The Spiral’s Glass Curtain Wall Continues Ascent at 66 Hudson Boulevard in Hudson Yards, Manhattan

The Spiral. Photo by Michael Young

Exterior work is progressing on The Spiral, a 66-story, 1,041-foot-tall commercial supertall at 66 Hudson Boulevard in Hudson Yards. Designed by Bjarke Ingels Group and developed by Tishman Speyer, the structure occupies a full block between Tenth and Eleventh Avenues and 34th and 35th Streets and is poised to yield a whopping 2.85 million square feet of office space. Turner Construction Company is serving as the construction manager, Banker Steel is in charge of manufacturing the steel, and Permasteelisa is the contractor for the glass enclosure for the project, which is expected to cost $3.7 billion.

The Spiral. Photo by Michael Young

The Spiral. Photo by Michael Young

The Spiral. Photo by Michael Young

The Spiral. Photo by Michael Young

The Spiral. Photo by Michael Young

Recent photographs show the climbing assembly of glass panels continuing to distinguish the signature stepped terraces, which will serve as landscaped amenity spaces for every office floor. About two-thirds of The Spiral is now enclosed, while the upper portion is quickly undergoing the process of fireproofing. Parts of the safety cocoon netting remain around the perimeter of the flat roof parapet and should steadily be removed piece by piece as work progresses on the steel crown. It’s likely that the entire envelope will be fully in place in the coming months, probably by mid to late summer. It will also be a matter of time before we start to see the construction cranes being removed.

The Spiral. Photo by Michael Young

The Spiral. Photo by Michael Young

The Spiral. Photo by Michael Young

The Spiral. Photo by Michael Young

The Spiral. Photo by Michael Young

The Spiral. Photo by Michael Young

The Spiral. Photo by Michael Young

The Spiral. Photo by Michael Young

The Spiral. Photo by Michael Young

The Spiral. Photo by Michael Young

The Spiral stands as the tallest building to the north of Related Companies’ first phase of Hudson Yards and will likely hold that title for a number of years. There are several other nearby high rises under construction, mostly around Eleventh Avenue by the Jacob K. Javits Center. However these will be nowhere near the supertall height of BIG’s design, which is currently Bjarke Ingel’s tallest realized design in New York City.

The Spiral is predicted to finish construction sometime in 2022.

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17 Comments on "The Spiral’s Glass Curtain Wall Continues Ascent at 66 Hudson Boulevard in Hudson Yards, Manhattan"

  1. Wow! Construction is really going fast with The Spiral!
    But, boy do I love it. I just can’t get over the hulking presence that it has. I also love the clean and shiny glass, and the of course the spiral itself.
    So, whether you like it or not, I think The Spiral will almost certainly be a New York icon in the years to come.

    • PS: When will YIMBY make an update on 9 DeKalb Avenue? It has been a while.

      • David in Bushwick | March 29, 2021 at 9:36 am | Reply

        I just went by 9 DeKalb last week and it’s progressing very fast. It will soon be taller than the surrounding buildings. The window panels are also going up fast, maybe too fast as some of them don’t align. Oops.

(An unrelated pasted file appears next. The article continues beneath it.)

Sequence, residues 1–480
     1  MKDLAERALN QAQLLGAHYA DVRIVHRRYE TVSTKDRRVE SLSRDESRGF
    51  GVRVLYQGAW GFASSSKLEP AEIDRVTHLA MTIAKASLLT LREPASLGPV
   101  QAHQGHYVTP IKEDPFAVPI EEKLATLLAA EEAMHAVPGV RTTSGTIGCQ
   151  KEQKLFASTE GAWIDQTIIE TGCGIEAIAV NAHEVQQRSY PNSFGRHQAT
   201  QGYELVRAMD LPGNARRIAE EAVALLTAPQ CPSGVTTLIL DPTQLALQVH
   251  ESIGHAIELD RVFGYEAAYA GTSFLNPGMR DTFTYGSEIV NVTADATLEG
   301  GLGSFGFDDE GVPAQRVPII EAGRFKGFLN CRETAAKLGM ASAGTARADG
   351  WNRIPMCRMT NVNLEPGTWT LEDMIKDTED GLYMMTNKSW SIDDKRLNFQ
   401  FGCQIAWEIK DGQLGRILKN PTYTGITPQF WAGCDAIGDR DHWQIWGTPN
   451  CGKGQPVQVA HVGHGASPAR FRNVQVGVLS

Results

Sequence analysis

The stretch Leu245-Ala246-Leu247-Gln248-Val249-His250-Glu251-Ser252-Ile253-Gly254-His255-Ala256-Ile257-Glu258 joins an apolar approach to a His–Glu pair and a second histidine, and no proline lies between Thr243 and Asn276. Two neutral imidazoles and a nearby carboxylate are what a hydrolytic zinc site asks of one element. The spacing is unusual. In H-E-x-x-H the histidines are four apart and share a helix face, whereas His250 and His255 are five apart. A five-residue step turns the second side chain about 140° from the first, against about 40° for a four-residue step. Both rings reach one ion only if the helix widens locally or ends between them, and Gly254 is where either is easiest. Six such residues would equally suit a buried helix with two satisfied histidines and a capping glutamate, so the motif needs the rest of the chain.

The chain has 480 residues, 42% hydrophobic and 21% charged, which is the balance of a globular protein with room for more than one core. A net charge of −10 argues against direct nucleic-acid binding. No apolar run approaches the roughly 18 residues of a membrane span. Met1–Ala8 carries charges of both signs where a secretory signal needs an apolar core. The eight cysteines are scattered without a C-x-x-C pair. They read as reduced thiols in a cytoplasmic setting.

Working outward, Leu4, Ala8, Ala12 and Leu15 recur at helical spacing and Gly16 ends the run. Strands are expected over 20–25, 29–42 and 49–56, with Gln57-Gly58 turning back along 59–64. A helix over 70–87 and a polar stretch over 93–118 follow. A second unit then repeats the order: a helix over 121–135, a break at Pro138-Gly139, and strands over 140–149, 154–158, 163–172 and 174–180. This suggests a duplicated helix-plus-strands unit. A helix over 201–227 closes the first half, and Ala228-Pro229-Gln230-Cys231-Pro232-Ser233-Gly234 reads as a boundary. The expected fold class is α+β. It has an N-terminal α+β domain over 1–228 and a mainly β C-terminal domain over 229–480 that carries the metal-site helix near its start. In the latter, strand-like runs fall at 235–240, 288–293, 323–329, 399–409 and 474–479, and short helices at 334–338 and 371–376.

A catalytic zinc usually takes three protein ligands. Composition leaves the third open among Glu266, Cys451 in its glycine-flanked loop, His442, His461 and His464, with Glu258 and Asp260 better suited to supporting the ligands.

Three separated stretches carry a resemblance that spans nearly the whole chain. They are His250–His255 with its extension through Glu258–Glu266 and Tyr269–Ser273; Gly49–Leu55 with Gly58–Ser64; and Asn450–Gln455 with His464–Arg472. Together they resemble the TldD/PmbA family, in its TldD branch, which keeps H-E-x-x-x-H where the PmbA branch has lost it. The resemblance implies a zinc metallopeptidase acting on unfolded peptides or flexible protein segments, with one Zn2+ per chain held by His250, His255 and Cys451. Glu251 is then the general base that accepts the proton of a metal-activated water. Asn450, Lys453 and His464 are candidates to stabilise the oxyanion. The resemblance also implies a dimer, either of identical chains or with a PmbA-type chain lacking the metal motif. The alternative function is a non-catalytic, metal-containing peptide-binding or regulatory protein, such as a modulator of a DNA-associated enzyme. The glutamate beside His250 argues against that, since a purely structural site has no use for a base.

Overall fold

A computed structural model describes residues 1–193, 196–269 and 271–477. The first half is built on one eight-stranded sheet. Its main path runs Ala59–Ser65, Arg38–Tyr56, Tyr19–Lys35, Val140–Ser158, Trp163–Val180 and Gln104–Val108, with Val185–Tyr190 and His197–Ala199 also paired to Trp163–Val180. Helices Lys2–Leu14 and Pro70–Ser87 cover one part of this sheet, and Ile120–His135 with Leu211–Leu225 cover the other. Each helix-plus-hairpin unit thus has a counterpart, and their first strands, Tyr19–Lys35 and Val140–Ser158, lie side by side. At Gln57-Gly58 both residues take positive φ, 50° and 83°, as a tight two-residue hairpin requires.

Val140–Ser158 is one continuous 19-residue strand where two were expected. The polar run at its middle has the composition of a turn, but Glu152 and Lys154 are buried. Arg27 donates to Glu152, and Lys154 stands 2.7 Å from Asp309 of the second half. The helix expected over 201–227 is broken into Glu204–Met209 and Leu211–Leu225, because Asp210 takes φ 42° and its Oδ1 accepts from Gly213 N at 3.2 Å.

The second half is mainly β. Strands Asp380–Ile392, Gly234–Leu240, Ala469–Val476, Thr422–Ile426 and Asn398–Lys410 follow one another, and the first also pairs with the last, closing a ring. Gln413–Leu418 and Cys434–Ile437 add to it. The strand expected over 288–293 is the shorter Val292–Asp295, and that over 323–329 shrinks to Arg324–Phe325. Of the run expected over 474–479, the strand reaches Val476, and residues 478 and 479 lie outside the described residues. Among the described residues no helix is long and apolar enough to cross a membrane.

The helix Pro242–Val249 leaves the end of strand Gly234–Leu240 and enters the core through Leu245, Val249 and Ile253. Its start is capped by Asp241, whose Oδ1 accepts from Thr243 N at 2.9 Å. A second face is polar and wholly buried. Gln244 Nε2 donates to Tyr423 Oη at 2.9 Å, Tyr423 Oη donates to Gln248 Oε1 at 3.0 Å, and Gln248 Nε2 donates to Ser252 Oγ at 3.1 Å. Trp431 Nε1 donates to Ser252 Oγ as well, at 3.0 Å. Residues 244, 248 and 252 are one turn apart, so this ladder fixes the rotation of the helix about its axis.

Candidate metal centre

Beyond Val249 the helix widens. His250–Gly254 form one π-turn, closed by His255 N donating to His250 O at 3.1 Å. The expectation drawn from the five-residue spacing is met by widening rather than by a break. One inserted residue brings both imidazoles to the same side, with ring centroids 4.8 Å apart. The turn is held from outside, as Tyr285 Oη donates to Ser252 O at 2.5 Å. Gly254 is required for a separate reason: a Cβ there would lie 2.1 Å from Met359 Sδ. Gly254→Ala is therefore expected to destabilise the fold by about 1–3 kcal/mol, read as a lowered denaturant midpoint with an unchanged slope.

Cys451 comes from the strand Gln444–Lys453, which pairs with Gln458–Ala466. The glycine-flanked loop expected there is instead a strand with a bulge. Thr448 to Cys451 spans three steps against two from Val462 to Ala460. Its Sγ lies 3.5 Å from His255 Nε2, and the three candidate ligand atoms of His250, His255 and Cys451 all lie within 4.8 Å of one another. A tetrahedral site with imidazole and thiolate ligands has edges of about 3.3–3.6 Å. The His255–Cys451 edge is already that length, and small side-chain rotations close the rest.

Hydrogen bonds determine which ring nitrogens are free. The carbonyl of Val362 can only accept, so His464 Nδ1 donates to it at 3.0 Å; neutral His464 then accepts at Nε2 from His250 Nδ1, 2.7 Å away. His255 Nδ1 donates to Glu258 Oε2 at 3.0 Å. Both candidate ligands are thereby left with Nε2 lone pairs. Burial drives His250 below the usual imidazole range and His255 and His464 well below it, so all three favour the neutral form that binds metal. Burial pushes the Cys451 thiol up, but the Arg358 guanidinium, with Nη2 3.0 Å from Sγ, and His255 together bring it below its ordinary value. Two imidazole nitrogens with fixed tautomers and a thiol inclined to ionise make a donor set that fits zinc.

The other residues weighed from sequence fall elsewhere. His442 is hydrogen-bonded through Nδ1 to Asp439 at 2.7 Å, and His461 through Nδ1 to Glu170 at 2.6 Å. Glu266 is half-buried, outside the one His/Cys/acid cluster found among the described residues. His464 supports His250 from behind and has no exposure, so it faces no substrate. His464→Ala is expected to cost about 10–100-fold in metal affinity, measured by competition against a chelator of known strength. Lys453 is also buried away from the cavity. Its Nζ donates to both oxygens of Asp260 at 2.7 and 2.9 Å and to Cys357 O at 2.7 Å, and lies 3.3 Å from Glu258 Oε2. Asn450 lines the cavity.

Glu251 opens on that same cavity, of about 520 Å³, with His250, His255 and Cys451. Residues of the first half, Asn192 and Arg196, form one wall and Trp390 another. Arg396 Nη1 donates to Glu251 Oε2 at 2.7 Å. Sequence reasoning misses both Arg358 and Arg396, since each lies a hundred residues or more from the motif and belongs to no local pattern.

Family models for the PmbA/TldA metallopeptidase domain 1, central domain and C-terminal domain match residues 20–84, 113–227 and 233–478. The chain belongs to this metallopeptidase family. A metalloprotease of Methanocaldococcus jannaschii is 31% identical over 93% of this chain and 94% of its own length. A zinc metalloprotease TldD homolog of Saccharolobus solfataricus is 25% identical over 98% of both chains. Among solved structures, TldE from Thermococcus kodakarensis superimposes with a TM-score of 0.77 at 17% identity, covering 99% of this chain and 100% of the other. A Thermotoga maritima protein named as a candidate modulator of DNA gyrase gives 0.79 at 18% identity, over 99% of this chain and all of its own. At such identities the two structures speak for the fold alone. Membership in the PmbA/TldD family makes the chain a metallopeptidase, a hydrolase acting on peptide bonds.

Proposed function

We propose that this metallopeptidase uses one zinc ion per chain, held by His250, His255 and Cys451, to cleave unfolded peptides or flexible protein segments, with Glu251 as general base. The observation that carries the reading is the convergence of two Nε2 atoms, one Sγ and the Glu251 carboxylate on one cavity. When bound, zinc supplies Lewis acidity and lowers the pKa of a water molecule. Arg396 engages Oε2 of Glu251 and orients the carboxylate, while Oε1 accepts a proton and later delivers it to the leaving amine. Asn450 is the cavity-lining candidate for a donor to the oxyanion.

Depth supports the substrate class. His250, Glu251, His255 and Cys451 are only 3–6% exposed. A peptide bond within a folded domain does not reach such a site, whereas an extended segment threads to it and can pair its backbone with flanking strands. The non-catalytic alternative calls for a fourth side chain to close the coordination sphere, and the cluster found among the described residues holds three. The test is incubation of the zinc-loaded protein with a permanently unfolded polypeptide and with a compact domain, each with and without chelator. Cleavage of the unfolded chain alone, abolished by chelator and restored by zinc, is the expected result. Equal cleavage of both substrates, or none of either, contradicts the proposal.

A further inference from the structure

2. A few years ago it appeared that 3 Hudson Blvd. would rise first, thus blocking the Spiral. In fact, the foundation for 3 Hudson Blvd. was completed a few months ahead of the Spiral.

    So it’s great that we have these unobstructed views of this supertall for now, but does YIMBY have any updates on 3 Hudson Blvd?

    • Believe construction is on hold, as the foundation work is completed, but nothing is active on site (think World Trade Center #2)

  3. David : Sent From Heaven. | March 29, 2021 at 9:17 am | Reply

    The density of tall buildings from man-made, with large buildings by the amount of investment; so powerful skyline: Thanks to Michael Young.

  4. David in Bushwick | March 29, 2021 at 9:32 am | Reply

    It’s a very big glass box with some trees that might survive.

  5. confused in st louis | March 29, 2021 at 10:27 am | Reply

    The vent louvers for the mechanical floors take away from the “spiral” effect, but still nicer than what’s going up across the street.

  6. So bored of blue glass buildings. Can anyone think of anything new. Yawn.

  7. Why are NY skyscrapers always of such conservative design, even from Ingels? I wish that they would connect all the terraces with stairs so that you could climb from the ground to the top. Now that would really be thinking outside the box, literally.

  8. How soon when it will ready

  9. Why do they call the building a spiral when it’s a rectangle? It’s clearly not spiral in any way shape or form.

  10. Technically not a full block as the article outlines. It goes from 10th Ave to Hudson Blvd, not all the way to 11th Ave.

  11. A year into the pandemic with only 10% of Manhattan office space occupied do they really believe they will be able to rent 2.85 million square feet of office space? That people will want to return to working in offices? Especially ones so far removed from public transportation? And there are dozens of competing office space projects in Manhattan.

  12. Meh, but better than Foster & Partners ungainly retro low end ’70’s monstrosity next door. The jam pile of lumpen giants at Hudson Yards proves once again the sublime greatness of Rockefeller Center. Rockefeller Center wrote the book on urbane planning and architecture, to which the developers and architects of Hudson Yards are entirely oblivious.

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